One of the most exciting things about the new developments in wearable technologies in recent years is how the technology could be used to create more efficient, effective, and smart methods for athletic training methods by giving us more detailed information about the human body. At a recent industry event, a team of engineers from MIT (News - Alert) announced their start-up, Humon, which could represent a big step in the use of wearables for endurance training.
In simplest terms, the Humon is a lactic acid measuring device. It is worn around the primary working muscle (so far a marathon runner, it would be the quadriceps, for a rower, it might be the back muscles) and, in real-time, keeps a log of how oxygenated the user’s blood is. By doing this, it can keep track of lactic acid buildup, a byproduct of exercising. This is incredibly important to athletes: lactic acid buildup causes soreness, and when it builds up quicker than the body can get rid of it, muscles begin to break down and athletes begin to feel the effects of what is known as “overtraining,” which causes excessive fatigue and possible injuries.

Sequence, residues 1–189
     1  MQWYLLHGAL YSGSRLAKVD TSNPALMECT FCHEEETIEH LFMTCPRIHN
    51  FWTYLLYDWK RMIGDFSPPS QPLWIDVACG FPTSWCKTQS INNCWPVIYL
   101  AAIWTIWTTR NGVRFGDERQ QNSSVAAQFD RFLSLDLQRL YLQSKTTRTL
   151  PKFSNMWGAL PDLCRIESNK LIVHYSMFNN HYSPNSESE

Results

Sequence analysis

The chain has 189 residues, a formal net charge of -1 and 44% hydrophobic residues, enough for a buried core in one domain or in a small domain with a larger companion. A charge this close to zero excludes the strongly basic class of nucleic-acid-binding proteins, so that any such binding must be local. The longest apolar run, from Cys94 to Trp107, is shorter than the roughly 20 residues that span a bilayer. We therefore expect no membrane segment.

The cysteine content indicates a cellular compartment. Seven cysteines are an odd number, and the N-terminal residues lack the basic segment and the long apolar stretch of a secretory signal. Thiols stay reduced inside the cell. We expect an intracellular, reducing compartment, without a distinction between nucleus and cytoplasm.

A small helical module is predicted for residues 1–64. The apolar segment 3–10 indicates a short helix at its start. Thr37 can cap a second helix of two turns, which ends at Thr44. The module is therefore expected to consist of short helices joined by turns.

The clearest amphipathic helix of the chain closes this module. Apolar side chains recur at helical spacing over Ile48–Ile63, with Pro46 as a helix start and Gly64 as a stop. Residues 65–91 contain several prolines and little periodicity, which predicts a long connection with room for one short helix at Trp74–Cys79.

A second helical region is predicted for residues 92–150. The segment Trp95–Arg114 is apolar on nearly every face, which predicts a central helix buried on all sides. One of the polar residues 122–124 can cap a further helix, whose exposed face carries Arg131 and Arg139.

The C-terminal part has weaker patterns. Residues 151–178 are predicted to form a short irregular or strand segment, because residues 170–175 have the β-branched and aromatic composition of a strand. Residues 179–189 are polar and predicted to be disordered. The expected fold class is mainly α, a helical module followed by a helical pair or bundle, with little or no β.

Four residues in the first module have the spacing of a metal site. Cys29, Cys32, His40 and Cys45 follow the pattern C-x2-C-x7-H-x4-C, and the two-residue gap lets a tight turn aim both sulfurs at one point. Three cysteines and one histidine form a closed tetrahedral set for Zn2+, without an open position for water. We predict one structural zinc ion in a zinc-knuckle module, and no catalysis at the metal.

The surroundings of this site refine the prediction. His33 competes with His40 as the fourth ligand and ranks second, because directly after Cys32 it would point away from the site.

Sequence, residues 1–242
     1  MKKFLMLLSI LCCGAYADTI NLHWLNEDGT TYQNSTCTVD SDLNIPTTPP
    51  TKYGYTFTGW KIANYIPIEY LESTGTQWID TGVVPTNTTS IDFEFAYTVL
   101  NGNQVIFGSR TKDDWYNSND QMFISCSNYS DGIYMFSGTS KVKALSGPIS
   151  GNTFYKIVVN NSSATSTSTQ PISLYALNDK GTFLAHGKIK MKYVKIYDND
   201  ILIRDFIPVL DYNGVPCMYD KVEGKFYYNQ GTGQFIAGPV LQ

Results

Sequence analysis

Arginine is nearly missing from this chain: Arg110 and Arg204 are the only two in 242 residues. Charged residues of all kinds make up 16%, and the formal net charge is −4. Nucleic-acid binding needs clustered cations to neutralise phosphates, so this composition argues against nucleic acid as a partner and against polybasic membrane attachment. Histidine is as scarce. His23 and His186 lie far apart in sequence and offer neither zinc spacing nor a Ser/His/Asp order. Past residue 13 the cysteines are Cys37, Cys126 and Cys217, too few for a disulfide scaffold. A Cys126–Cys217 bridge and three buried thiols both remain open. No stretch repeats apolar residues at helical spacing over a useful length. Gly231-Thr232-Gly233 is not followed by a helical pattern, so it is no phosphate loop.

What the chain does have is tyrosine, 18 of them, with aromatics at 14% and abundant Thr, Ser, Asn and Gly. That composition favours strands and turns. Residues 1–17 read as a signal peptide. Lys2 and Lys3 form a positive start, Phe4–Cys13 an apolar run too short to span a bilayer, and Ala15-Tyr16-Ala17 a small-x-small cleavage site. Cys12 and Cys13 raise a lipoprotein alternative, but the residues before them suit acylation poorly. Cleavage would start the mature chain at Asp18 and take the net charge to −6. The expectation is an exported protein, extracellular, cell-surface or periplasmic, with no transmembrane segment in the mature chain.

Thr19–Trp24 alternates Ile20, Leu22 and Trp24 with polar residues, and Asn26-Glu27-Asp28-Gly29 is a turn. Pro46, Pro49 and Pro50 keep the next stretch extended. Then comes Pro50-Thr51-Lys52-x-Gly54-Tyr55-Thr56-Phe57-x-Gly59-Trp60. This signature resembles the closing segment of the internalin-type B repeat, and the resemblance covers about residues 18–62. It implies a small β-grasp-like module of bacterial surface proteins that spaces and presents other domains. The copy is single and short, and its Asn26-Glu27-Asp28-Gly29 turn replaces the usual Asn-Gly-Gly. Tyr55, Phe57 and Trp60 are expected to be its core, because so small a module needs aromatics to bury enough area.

Using Humon, athletes will be able to constantly be aware of their lactic acid levels, allowing them to push their bodies to the absolute upper limit during training without crossing the line into overtraining. Whereas for past athletes, finding that limit was a matter of trial and error, athletes using the Humon can always know how hard to push themselves without going too far and overtraining.
“We give the recommendation to the athletes so you can get to, scientifically, the maximum possible performance your body can sustain,” said Humon co-founder Alessandro Babini. “We remove the risk of hitting the wall, which is one of [endurance athletes] greatest fears.”
Edited by Stefania Viscusi
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